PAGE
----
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State Releases Quake Hazard Maps Lacking Details on Faults

Officials say even limited data on areas requiring seismic studies should help plan for risks.

September 25, 2003|Kenneth Reich | Times Staff Writer

The California Geological Survey on Wednesday released the latest in a series of seismic hazard maps under a program that has come under fire for showing some earthquake hazards but not others.

The latest of the 60-square-mile maps show areas near Acton and Pacifico Mountain, in the San Gabriel range, where an earthquake stronger than magnitude 5.5 could be expected to generate landslides or soil liquefaction.

All of Orange County and most of Los Angeles County have been covered in the maps, which designate "zones of required investigation" where geological studies must be mandated by local agencies before building permits are issued. Property owners and real estate agents must tell prospective buyers that those areas have been designated seismic hazard zones.

In a significant omission, however, earthquake faults are not shown on the maps, and neither are areas where the so-called near-source effects of large quakes could be extremely damaging.

The maps released Wednesday do not include liquefaction and landslide zones in areas of the Angeles National Forest and are limited to ranching and rural residential areas outside the forest.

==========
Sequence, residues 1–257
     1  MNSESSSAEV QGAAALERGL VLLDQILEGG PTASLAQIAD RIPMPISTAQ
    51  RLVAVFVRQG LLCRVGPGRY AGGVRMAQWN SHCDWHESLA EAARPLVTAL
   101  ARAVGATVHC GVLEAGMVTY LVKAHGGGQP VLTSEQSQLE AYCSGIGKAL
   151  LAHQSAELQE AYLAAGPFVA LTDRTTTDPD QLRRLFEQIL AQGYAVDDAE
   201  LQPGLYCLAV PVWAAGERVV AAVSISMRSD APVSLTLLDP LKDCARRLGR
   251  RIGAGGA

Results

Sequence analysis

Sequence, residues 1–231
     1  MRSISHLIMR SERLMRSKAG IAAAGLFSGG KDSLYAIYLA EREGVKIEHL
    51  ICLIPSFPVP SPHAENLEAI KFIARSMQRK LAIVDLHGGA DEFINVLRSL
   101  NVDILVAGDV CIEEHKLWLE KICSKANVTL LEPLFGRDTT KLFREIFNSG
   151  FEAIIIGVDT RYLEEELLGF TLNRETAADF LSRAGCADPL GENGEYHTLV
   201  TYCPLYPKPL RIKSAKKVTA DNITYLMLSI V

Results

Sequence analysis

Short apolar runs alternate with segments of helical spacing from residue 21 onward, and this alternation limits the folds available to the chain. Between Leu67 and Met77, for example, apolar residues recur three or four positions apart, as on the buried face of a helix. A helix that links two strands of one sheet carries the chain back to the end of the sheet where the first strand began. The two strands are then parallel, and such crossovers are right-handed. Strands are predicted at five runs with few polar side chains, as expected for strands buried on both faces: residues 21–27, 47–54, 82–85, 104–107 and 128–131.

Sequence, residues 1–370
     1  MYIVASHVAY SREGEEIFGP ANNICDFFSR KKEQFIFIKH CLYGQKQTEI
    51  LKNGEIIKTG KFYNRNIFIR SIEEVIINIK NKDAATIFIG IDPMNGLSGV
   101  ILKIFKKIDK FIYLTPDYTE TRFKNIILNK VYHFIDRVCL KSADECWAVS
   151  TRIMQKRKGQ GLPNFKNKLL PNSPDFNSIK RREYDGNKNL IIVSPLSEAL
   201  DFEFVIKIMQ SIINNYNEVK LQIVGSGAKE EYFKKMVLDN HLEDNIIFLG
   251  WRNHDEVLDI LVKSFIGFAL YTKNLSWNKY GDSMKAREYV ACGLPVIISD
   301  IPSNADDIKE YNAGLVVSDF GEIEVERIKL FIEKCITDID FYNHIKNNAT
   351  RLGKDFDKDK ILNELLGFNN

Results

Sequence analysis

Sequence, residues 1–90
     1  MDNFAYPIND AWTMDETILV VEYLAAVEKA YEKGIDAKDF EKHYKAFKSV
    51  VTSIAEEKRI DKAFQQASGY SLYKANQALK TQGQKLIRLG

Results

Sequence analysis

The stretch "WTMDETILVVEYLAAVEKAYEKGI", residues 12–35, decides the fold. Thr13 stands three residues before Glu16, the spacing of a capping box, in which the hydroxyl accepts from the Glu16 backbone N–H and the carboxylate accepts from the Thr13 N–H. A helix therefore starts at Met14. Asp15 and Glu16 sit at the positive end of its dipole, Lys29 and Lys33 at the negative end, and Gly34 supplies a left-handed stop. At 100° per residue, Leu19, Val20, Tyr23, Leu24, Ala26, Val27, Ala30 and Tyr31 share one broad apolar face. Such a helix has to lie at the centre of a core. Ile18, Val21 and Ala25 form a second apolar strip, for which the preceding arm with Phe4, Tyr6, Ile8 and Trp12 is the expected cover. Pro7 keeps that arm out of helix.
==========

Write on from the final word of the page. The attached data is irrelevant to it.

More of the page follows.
The California Geological Survey is part of the state Department of Conservation, whose director, Darryl Young, said Wednesday that the program, even in its limited form, defines certain problem areas.

"Once you define the problem, you can take steps to minimize the danger," he said.

The state has issued 75 maps in Southern California and 18 in the Bay Area.

An additional 13 maps, including several in Los Angeles and Ventura counties, are under review.

The present state budget calls for $3.5 million to be spent this fiscal year on the mapping program, with the money coming from building permit fees and not the general fund.

Initial funds for the maps came largely from the Federal Emergency Management Agency after the 1994 Northridge earthquake, but those grants have been exhausted.

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